Helen uses her experience of cancer from both a patient and carer's perspective, as part of Your Involvement Network.
In the past few years,she's been a member of one of our patient sounding boards, supported our junior researchers with patient involvement at our junior Investigator Networking group event, and most recently has been one of the patient representatives in our Grand Challenge. Helen tells us what motivated her to take part and what her role involved.
What motivated you to get involved in Grand Challenge?
I know too well that early diagnosis is key to improving survival rates; that inequalities exist around treatment options and care pathways; that end of life care remains an area to address, as does survivorship; that we need more patients signing up for clinical trials. With increased public awareness around clinical research, we can really get to grips with these issues. Being part of the Grand Challenge was the icing on the cake for me - not only did I have the opportunity to hear what the challenges are but also to explore innovative solutions. I love influencing change and seeing the big picture.
Why do you think it was important to have patient representatives involved?
I provided a voice that represented the patient and the public. Patients and the wider public often have insights and expertise that complement and add value to the research. There is nothing as important as ensuring that the public voice is heard - so this was my role.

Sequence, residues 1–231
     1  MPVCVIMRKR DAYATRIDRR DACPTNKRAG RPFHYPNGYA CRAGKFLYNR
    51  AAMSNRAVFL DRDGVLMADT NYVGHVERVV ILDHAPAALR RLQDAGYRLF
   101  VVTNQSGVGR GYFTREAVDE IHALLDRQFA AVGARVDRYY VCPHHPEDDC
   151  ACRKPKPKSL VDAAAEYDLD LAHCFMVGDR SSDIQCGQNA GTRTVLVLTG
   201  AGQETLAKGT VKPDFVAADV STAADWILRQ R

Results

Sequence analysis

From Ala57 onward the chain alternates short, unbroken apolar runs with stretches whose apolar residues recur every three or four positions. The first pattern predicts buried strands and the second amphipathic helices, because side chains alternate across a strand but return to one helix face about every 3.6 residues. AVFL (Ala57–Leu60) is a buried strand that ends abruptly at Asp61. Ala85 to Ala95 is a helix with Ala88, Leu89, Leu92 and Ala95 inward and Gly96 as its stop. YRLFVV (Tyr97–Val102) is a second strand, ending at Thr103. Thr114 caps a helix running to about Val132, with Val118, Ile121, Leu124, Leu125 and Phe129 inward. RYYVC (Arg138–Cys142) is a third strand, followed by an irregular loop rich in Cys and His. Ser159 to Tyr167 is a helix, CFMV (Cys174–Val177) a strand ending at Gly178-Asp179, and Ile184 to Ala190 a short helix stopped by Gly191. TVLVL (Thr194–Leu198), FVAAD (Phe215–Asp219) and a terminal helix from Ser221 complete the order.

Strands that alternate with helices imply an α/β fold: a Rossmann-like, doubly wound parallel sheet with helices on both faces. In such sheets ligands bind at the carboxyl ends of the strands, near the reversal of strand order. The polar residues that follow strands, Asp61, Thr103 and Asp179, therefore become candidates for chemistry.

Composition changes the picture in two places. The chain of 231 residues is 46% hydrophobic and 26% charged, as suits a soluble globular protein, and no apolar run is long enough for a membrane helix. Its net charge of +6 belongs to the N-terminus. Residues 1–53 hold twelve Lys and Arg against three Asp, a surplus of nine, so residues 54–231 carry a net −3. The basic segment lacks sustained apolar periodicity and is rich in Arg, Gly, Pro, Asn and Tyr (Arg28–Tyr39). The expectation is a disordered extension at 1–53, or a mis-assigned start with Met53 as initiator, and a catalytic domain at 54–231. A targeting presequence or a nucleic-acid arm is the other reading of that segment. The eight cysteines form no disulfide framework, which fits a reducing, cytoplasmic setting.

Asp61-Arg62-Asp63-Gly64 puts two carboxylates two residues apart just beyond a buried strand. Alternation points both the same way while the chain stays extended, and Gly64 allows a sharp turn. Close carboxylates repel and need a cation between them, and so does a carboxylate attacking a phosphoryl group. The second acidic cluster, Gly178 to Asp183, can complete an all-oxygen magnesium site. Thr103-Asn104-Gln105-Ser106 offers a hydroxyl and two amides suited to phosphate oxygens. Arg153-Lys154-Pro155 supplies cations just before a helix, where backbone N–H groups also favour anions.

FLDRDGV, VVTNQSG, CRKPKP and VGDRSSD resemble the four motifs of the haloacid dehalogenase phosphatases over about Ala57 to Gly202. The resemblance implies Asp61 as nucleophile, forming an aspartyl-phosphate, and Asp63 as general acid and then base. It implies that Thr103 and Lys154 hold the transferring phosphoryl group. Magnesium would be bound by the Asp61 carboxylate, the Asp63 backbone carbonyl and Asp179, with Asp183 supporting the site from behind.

Patient and public involvement acts a key forum so that we can improve the quality and value of cancer research for patient benefit. I truly believe that we're none of us as smart as all of us, and collaboration underpins my ethos. Money doesn't solve problems; people do.
How would you describe your experience of being involved?
It was phenomenal. An element of surprise to me was the collective intelligence that was all brought to the agenda. I learnt so much from the other consumers on the panel and felt really privileged to work together. The other key thing for me was starting with blue sky thinking and shifting the mindset to forgetting about barriers.
One of the joys was the fact that we were all learning together and Cancer Research UK made no secret of this. It was a first for all of us - and our voices were as valued as the next person.